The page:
Business owners often do not realize the number of different ways there are to transition out of their business. At a high level there are five scenarios for ownership transition. Internal transitions generally see the business passing on to a child, family member or member of the management team without an external auction process. In an external transition, a strategic or financial buyer acquires some or all of the company. An employee stock ownership plan (or ESOP) can be described as somewhere between an internal and external transitions. While CM&Co.’s advisory services are focused on the three external transition scenarios (see diagram below), our team is well-versed in educating and advising on the financial strategies for all types of transitions. Just as no two businesses are alike, no two succession plans are the same. Business owners should think critically about their goals post-transition, including financial needs and desired involvement in day-to-day operations going forward. As you know well, specific actions ahead of time can drive significant incremental value.
A Complete Sale occurs when 100% of company ownership is sold, typically to a strategic buyer or a private equity firm. A Complete Sale results in a full change of ownership control as either a stock deal or an asset purchase. Complete Sales are most frequently asset purchases, as it relieves the buyer from certain liabilities that may be associated with the seller’s prior corporate responsibilities (taxes, product liabilities, etc.) The owner is usually required to stay involved with the company through a transition period (6 months-2 years), particularly if they have played a significant management role. Valuations in a Complete Sale are based on competitive processes and negotiations, and in most industries reflect a multiple of the company’s EBITDA (earnings before interest, taxes, depreciation and amortization). Middle market and lower-middle market companies are generally valued between 5-9x EBITDA depending on a variety of factors including size, profitability, industry, customer concentration, geography, etc. In a Complete Sale transition, the seller usually receives the majority of transaction proceeds upfront with the remaining portion paid later through a seller note or earn-out.
An owner may want to remain more involved and have a “second bite at the apple,” which is often the motivation for a Majority Sale (50% to 99%) of their business to a financial buyer. In this scenario, the owner sells the majority of the business, but retains a small percentage. If the buyer requires an asset purchase, the owner can “rollover” proceeds in a tax efficient way in order to hold this minority position. Buyers must acquire over 50% for the acquisition to be considered a Majority Sale, but 60-85% is the most common range. The “second bite” comes when the new majority shareholder decides to sell, and the original owner cashes out again in the second transaction.
An owner wanting partial liquidity, but without giving up majority control, and looking for a full exit in 5-10 years may be interested in finding a Minority Recap partner. This type of partner acquires less than 50% of a business, allowing the owner to de-risk and “take some chips off the table.” In this type of transition, investors typically acquire 20-40% of the business and often receive a preferred equity position. If the owner is involved in management, often this role continues, but the management team, along with planning and governance processes, are usually enhanced by the investor.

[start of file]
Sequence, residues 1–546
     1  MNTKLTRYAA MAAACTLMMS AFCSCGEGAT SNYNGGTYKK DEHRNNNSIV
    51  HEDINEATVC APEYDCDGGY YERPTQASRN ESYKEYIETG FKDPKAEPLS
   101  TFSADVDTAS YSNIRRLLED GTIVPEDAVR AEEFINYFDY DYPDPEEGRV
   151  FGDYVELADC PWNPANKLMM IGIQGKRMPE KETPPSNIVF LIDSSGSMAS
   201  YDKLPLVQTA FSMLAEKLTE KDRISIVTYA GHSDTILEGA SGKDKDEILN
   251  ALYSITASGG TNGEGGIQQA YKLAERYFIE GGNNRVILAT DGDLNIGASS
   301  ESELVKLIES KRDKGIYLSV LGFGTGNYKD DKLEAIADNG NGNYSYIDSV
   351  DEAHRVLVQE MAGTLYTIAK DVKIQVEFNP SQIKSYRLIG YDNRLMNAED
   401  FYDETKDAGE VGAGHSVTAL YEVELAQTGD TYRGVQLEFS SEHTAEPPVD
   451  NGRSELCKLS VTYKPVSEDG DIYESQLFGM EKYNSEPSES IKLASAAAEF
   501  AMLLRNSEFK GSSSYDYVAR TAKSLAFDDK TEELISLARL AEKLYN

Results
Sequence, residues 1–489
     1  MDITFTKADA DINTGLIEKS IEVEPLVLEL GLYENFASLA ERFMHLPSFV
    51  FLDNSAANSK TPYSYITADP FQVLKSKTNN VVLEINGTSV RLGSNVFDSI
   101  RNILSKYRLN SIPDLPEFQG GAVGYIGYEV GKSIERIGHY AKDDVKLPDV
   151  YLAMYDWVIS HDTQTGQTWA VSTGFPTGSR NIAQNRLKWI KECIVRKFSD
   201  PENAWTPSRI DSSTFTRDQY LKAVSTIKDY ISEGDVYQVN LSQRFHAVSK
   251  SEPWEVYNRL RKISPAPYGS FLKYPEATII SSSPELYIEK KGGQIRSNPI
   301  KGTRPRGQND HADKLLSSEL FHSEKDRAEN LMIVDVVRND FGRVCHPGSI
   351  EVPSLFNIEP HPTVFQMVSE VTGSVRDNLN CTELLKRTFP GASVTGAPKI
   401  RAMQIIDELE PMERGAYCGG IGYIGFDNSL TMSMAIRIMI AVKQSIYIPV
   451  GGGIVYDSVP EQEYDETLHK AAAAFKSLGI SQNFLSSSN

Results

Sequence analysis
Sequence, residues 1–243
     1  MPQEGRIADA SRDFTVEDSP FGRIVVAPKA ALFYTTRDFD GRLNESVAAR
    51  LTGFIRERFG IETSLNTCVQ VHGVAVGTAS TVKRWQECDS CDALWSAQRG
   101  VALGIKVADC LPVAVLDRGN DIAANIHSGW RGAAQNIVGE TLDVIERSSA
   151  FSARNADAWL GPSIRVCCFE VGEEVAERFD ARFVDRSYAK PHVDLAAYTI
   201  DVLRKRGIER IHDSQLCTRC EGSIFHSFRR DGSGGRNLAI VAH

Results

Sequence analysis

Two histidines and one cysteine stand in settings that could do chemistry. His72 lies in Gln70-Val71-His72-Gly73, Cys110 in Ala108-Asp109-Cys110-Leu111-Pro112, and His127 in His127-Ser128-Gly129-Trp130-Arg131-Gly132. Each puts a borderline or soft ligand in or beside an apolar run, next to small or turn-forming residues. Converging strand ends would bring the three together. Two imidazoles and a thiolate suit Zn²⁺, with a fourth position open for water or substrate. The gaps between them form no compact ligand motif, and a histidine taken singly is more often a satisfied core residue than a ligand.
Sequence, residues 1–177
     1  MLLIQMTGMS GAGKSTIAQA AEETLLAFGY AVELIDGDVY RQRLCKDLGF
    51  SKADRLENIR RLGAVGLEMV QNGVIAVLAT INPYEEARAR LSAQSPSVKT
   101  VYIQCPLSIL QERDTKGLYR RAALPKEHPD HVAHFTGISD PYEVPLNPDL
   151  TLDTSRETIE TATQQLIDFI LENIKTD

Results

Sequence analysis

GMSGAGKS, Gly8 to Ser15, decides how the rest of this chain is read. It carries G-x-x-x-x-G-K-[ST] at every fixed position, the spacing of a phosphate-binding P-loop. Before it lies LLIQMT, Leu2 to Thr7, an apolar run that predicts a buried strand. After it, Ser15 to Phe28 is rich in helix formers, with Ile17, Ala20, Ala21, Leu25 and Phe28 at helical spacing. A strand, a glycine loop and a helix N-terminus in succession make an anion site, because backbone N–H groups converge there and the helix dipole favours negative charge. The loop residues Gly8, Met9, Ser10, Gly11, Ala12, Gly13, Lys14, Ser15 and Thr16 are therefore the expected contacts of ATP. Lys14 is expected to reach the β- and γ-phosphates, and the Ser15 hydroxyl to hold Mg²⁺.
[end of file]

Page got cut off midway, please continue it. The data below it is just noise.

An employee stock ownership plan (“ESOP”) sale allows the business owner to sell all or a portion of their shares to the company’s employees. This strategy can have positive tax advantages for the seller and creates a mechanism for employees to remain engaged in the future of the business. Often, there is no upfront cost to the employees for participating in an ESOP Sale. Instead, the ESOP relies on tax-advantaged seller financing and bank loans to complete the transaction (which can be as high as 50% of the value). The seller usually only receives up to half of the transaction proceeds in cash and the remainder over a 5+ year period. The company valuation is based on discussions between the ESOP trustee and the company and will include discounts to fair market value for the stock, particularly for lack of marketability. Despite the conservative valuation and complex structure, an ESOP Sale may be of interest for owners with distributed execution of a business service. Owners seeking tax advantages, equity/retention incentives for employees and continuity in business operations and management also may want to consider an ESOP.
Internal Succession by a family member (sibling, child, niece/nephew, grandchild or close member of management) is another common theme for privately-held businesses. Internal Succession allows businesses to grow to be second, third or even fourth-generation companies. Keys to successful internal succession by a family member include: proper education and professional development; steady on-boarding of significant roles and responsibilities (or off-boarding for the owner); transitioning key relationships (customers/vendors); and appropriate estate planning with accounting and legal advisors.
The appropriate pre-transition planning can assist first-time sellers (i.e. nearly all business owners) in understanding the various transition options. Choosing which strategy is best for the business owner personally, and for the future of the company, is a vital component when making an exit plan.